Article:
That feeling you get when you finish a book, anime, or video game.

Yeah, that feeling.

A sinking, depressing feeling in your chest. It’s bittersweet. Sweet – because the journey brought you places and set more emotions ablaze in your soul that you could possibly hope for, and yet bitter – for the journey has finally come to a closure, and those times would never come again.

As I close the final pages on my adventure, either trailing off the final lines of the epilogue or watching the credits roll, these feelings creeps up. It’s a fluctuating dual-emotion – if there is even such a thing. I couldn’t find the word for it, even after scouring for hours on the internet and punching comparable words into

“You know you’ve read a good book when you turn the last page and feel a little as if you have lost a friend.”

– Paul Sweeny


The feeling you get when you finish a book
It strikes you, like reminiscing the lost of a loved one. Woeful for the illnesses and circumstances that bereaved you of your time together, but contented that they were in your life.

It pierces you, both alike and yet, unlike a knife. It punctures deep into your soul without warning as you stand helpless, watching it sear its mark onto you. Though, the pain is not as cold and uncaring.

And it completes you.
But not entirely – you’re left with a tiny gap.


And as the days go by, something bores into your very being. What started as a tingling feeling is all grown up; engulfing. The little gap expanded – first into an opening, then to an all-out rift as it swallows and occupies every fraction of your thoughts.

It leaves you reeling, perplexed by its persistence. It fuels interpretation, and the search to quench this thirst begins. Perhaps not to end this feeling, but for a satisfactory explanation to the mechanism behind such sundering. It makes you a little restless, even.

It’s funny how a collection of words and make-believe could drive a man’s psyche into two – polarizing, and yet harmonious. Sometimes we come to terms with it, other times we don’t.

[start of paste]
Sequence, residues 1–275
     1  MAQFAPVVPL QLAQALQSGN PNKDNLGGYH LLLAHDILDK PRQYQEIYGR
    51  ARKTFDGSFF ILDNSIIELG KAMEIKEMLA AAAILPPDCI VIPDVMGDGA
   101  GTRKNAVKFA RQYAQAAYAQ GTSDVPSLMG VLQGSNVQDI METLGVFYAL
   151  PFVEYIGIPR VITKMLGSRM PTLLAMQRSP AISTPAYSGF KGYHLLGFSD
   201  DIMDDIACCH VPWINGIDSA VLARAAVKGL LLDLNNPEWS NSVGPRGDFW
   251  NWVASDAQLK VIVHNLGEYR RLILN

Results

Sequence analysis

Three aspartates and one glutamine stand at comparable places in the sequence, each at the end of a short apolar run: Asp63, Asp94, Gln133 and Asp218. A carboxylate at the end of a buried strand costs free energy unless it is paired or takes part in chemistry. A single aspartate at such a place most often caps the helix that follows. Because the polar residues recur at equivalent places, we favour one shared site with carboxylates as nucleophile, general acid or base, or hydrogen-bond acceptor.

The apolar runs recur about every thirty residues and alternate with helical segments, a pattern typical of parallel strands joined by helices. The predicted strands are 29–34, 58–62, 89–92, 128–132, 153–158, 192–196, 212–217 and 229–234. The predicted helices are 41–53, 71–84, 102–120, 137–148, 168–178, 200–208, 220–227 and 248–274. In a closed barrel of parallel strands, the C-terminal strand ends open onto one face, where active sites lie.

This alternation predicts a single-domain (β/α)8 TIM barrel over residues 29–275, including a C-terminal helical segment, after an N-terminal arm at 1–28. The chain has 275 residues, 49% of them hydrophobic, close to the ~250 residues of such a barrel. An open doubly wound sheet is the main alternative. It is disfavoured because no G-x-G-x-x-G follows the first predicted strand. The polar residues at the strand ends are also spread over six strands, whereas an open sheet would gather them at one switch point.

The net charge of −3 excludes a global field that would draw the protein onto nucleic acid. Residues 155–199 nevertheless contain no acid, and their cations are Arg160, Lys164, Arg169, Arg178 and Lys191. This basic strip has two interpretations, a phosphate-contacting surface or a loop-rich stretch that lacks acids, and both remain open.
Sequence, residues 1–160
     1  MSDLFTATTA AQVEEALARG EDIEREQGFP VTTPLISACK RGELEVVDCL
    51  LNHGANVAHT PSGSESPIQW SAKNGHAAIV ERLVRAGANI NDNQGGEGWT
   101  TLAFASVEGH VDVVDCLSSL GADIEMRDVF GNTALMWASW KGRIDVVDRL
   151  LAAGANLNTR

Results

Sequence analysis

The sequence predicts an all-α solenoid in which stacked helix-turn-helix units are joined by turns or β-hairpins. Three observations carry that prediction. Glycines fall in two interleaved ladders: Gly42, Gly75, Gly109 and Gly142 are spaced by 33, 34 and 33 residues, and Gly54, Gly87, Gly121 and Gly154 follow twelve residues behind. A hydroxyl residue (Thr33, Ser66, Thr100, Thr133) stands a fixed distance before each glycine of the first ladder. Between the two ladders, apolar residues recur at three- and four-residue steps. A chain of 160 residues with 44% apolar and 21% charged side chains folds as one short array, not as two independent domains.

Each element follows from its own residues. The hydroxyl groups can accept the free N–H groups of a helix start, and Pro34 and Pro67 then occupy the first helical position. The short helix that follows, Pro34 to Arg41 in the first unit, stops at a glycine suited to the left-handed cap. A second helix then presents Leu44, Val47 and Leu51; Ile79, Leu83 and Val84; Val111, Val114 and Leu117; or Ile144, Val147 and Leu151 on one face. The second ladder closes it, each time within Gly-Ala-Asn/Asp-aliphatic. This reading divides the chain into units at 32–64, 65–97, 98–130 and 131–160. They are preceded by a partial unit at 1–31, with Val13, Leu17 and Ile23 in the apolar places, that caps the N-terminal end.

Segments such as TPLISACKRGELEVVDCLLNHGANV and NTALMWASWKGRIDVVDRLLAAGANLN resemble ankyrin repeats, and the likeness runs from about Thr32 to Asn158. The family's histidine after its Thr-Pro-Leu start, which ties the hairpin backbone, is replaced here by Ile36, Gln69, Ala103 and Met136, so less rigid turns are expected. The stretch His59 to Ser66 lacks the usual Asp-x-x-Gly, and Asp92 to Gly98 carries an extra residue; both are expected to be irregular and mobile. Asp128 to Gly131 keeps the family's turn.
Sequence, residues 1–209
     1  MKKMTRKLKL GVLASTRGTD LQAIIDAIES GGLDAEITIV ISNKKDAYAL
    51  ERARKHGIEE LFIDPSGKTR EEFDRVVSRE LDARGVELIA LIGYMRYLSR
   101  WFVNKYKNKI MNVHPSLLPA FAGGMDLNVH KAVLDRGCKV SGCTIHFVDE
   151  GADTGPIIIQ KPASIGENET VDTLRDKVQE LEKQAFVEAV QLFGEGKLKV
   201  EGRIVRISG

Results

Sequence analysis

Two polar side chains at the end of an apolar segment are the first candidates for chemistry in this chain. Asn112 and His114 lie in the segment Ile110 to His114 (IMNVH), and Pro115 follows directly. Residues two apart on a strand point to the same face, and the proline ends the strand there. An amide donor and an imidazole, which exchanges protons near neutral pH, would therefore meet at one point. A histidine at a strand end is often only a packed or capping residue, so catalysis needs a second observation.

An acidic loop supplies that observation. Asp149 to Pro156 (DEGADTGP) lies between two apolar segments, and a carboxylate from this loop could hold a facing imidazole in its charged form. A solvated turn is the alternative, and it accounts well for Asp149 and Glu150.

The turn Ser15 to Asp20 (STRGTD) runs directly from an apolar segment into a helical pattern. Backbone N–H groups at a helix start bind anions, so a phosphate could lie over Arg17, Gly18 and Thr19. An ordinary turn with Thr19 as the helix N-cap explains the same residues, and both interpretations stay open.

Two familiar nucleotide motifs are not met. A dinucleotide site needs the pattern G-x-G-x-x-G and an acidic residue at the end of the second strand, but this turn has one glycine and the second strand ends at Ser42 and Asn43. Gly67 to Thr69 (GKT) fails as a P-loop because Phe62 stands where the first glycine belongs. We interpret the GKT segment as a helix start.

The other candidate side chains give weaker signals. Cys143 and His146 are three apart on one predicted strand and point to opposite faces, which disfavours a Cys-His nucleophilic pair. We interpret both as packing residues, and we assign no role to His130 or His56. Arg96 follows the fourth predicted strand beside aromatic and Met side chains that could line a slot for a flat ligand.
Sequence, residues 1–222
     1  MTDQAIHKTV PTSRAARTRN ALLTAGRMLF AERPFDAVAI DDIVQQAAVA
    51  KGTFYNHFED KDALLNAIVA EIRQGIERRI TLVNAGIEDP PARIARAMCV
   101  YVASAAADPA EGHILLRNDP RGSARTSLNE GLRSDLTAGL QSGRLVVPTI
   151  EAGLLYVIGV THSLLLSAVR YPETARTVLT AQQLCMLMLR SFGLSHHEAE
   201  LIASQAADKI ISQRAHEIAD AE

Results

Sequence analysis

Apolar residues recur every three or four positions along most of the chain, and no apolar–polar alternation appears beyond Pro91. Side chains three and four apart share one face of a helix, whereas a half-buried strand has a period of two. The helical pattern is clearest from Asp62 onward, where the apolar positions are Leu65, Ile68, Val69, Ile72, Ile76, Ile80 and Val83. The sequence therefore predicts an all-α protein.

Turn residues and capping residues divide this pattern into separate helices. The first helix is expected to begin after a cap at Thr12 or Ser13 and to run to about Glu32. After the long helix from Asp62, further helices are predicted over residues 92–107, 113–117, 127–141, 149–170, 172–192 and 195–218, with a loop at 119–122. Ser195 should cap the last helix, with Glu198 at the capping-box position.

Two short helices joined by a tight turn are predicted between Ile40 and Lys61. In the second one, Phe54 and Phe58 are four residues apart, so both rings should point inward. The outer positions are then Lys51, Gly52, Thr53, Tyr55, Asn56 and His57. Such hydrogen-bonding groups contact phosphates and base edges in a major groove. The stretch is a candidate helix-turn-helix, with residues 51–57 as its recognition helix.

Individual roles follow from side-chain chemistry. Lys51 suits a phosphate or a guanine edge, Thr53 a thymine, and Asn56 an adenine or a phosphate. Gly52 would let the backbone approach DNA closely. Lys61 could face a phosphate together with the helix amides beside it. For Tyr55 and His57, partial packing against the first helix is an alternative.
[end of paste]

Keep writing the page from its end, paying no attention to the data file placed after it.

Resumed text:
Hmm. Maybe I should try combing the dictionary.

And yeah, it’s probably because I just finished Transistor.


What are the books, games or other media that have left you feeling?

9 thoughts on “That feeling you get when you finish a book, anime, or video game.

  1. I always feel that pain/feeling/dual-emotion worse with games over anything else (books or films), which I find quite strange, given I’m not really a ‘gamer’ at all. I can’t even remember the last time I played a game. I used to quite a bit, when I was younger, and it was always RPG games, and I just got so lost in them! So when the credits came rolling, I was like “NOOOOOOOOOOO, back to bitter reality D: ” Heh 🙂

    1. I know! It’s sorta like watching a painter’s strokes on a blank canvas. Every streak of paint splattered and smeared on the canvas is part of a masterpiece. You peer over the painter’s shoulder and marvel at every single stroke, watching its magnificence unfold right in front of your eyes. It then reaches its climax with the final stroke, and the masterpiece is completed.

      You take a deep breath and fall into its warm embrace… then it slowly fades away.

      You can buy the masterpiece and hang it up at home, adorn it with a lavish frame and take good care of it everyday, but it can’t take you back to the time you were watching it unfold for the first time…

      1. Very true!! And very well put. Oh, how saddening. I get such a nostalgic smack in the feels with the game Elder Scrolls IV: Oblivion over anything else. But, as you say, like a painted masterpiece, you can marvel at it all you wish, but it will never be quite the same as when you watched it being painted, being born before your eyes.

        But then, better to have known that once than never. Is it one of those situations?

      2. Undeniably so! But still, sometimes I wish I could forget everything and play/read/watch something for the first time – again.


  2. You could not have found any better words to describe that wrenching feeling of leaving behind an adventure so beloved.

    I’ve wept many a tear for the end of things–the end of book series, the end of exceptional video games that were all too brief, and especially the end of characters’ lives. It’s incredible, how these stories made by someone else’s hands can have such a powerful impact on our own emotions, but isn’t that the point of stories, and art in general? To create an escape from reality that engages the emotions we don’t typically have an opportunity to use? To play with our hope, pride, despair, and relief?

    I’ve found that even the process of creation can bring me to tears. I guess that’s also the point. How can I elicit any response from my readers if I haven’t felt it myself?

    Alas… as much as it sucks to leave behind our dear new friends, it’s a soul-filling thing to recall how wonderful the adventure was 🙂

  3. You sum up the feeling of loss and yet joy at the end of all manner of great art pretty well. I get this feeling every time I finish a great story, told through any medium.

    One of the toughest emotional runs I felt was when I finished Season 1 of Tell Tale Games The Walking Dead. That game was an emotional time bomb!

    Great article.


    1. Oh my gosh, TellTale’s The Walking Dead is just too nerve-wracking. Puts me on the edge every single time, and then it all comes crashing down at the end. It was definitely not easy on the heart!

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